Jill Dando’s brother gives disturbing new theory on her shocking murder


Jill was shot in the head at point blank range outside her London flat 20 years ago, in an unsolved crime that shocked the nation. 

Nigel Dando, 67, says many people claiming to have leads have approached him since her death.

While he admits police made a “number of mistakes” in their inquiry, the former journalist believes her killer was a “misguided individual”. 

“I don’t think it was a Serbian hit man or member of the criminal underworld.

“Both of those theories would have had to involve more than one person.

jill and nigel dando

INVESTIGATION: Nigel says many people have approached him with leads (Pic: BRISTOL POST/SWNS/GETTY)

“I think the general principle was that it was a misguided individual who happened to be in the street where Jill lived. I think someone was armed and struck lucky.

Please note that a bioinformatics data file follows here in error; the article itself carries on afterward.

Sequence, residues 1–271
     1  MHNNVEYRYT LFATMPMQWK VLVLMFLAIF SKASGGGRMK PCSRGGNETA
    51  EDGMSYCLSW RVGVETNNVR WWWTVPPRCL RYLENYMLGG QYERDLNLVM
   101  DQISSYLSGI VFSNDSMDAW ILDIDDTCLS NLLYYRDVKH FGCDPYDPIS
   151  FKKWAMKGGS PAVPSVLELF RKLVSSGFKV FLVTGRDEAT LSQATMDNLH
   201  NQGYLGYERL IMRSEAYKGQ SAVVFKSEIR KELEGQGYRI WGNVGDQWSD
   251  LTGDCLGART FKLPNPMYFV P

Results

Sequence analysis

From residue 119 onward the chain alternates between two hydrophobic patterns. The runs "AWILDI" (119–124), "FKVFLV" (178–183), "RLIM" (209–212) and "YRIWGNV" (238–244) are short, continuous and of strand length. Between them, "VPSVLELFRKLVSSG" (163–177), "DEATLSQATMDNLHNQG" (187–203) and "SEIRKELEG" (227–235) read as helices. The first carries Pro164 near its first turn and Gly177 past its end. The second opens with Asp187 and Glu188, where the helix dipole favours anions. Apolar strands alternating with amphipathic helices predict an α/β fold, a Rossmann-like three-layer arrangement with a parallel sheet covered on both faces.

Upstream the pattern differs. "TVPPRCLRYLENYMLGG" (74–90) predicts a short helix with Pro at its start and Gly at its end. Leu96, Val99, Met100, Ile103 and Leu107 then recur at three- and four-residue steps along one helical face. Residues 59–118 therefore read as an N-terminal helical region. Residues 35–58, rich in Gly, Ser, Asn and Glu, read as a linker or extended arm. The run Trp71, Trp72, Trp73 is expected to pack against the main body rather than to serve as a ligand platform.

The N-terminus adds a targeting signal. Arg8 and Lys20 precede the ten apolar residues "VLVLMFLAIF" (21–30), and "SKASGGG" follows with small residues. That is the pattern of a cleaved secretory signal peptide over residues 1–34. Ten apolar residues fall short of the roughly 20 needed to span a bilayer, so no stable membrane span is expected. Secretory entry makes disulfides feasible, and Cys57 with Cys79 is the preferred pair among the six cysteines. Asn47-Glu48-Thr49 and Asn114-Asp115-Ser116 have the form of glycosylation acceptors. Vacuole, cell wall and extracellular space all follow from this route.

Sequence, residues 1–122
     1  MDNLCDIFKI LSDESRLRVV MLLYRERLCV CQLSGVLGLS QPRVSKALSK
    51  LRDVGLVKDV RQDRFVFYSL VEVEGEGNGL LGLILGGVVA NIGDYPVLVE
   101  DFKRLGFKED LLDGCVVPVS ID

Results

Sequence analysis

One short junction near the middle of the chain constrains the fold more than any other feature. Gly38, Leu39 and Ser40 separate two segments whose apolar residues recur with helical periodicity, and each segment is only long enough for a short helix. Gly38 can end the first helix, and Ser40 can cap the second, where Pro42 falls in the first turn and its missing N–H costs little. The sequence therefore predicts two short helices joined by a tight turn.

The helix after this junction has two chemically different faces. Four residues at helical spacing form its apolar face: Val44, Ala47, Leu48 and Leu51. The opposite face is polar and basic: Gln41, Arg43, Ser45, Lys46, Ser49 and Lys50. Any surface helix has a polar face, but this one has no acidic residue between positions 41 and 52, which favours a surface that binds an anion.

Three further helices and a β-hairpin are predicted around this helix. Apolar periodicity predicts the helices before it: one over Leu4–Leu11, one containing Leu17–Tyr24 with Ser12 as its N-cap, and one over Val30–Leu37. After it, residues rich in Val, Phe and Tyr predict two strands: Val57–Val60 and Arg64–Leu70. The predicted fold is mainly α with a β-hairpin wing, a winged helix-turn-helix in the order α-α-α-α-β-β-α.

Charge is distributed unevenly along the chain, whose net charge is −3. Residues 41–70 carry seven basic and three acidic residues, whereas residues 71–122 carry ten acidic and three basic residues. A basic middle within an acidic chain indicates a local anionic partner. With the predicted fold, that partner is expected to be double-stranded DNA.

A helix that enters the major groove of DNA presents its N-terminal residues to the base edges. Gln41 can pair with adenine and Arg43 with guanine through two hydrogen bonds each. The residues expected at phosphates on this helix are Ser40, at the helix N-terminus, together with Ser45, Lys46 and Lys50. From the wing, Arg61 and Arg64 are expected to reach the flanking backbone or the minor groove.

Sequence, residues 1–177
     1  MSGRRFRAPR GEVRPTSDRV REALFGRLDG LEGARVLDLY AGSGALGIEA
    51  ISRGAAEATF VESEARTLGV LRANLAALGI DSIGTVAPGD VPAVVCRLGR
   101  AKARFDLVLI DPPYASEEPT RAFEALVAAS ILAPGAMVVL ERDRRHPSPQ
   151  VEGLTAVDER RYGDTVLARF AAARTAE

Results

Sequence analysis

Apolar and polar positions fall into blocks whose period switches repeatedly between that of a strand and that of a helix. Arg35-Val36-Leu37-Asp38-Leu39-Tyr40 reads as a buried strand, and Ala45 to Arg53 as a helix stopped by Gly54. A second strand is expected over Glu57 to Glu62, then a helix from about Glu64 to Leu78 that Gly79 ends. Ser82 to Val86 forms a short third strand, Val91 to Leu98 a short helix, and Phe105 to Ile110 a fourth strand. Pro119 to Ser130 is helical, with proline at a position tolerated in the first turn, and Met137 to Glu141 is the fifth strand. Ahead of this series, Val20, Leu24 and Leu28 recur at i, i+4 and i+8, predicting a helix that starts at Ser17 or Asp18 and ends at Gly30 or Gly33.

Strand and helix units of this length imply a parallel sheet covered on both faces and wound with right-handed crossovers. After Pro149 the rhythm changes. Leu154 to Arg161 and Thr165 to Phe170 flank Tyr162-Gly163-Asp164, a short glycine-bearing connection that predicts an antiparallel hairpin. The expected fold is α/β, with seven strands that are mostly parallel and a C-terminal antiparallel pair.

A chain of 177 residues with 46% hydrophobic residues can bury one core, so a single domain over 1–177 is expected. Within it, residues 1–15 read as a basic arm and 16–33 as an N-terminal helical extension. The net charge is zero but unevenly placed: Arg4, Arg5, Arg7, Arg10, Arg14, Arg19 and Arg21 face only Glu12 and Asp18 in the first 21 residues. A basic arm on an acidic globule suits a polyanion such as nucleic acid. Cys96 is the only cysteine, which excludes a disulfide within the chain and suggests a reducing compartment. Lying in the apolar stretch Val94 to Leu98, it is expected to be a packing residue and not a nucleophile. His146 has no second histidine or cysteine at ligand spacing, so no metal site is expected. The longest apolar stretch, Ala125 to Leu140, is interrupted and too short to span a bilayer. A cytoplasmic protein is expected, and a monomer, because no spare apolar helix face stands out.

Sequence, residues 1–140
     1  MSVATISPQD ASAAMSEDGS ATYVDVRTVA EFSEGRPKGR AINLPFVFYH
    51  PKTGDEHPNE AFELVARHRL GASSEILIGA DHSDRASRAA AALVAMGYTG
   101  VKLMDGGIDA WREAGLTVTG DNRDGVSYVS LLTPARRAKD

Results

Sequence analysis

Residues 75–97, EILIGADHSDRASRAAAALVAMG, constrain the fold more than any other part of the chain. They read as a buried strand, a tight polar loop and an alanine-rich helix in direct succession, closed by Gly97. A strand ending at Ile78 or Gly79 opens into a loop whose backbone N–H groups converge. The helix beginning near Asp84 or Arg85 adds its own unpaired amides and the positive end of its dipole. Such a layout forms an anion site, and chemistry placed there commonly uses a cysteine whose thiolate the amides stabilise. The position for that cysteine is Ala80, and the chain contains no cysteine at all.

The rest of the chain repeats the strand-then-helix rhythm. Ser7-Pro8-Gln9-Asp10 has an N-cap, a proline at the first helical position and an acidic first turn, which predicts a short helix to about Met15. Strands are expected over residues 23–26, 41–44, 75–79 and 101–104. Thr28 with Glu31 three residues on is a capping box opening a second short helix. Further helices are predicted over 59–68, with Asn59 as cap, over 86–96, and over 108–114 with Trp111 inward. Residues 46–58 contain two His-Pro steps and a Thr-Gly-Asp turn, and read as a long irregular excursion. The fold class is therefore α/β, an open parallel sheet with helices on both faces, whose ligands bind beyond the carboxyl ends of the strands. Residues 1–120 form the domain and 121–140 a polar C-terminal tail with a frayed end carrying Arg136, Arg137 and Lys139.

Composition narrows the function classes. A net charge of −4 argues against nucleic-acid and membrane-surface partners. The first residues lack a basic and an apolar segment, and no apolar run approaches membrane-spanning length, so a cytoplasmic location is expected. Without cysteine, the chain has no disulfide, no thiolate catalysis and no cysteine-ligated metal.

“Maybe they wanted some sort of notoriety, and then could go back to their life and watch the police try to work out who did it.”

Had it been an organised hit, Nigel believes that police would have made a breakthrough by this point. 

Metropolitan Police launched Operation Oxborough to probe Jill’s death, eventually convicting a man in 2001 who served time in prison.

Jill Dando

SENSELESS: Jill was shot in the head at point blank range outside her London flat (Pic: GETTY)

“I think someone was armed and struck lucky”

Nigel Dando

However, evidence that initially convicted Barry George was later deemed inadmissible at a retrial in 2008. 

He was then acquitted and the hunt for Jill’s killer continues. 

Nigel continued: “I’ve been contacted by people who have been involved in seances, people who’ve had visions.

“I’ve always tried, politely, to dissuade people from going further with it. It sounds tough, but it’s just nonsense. 

“I respect their views, but I don’t have time for that sort of stuff.”

Nigel and Jill grew up in the seaside town of Weston-super-Mare, where a garden was built in tribute to her. 

Located in Grove Park, Nigel said he tries to visit whenever he is in town. 

He said: “If I’m down there in the summer I usually try to have a little look in. I feel quite gratified to see the number of people who are still looking around it,” he said.

“They might not necessarily know who Jill was – here we are, 20 years on – but it’s a nice legacy to remember her by. It’s a quiet space in quite a busy park.”


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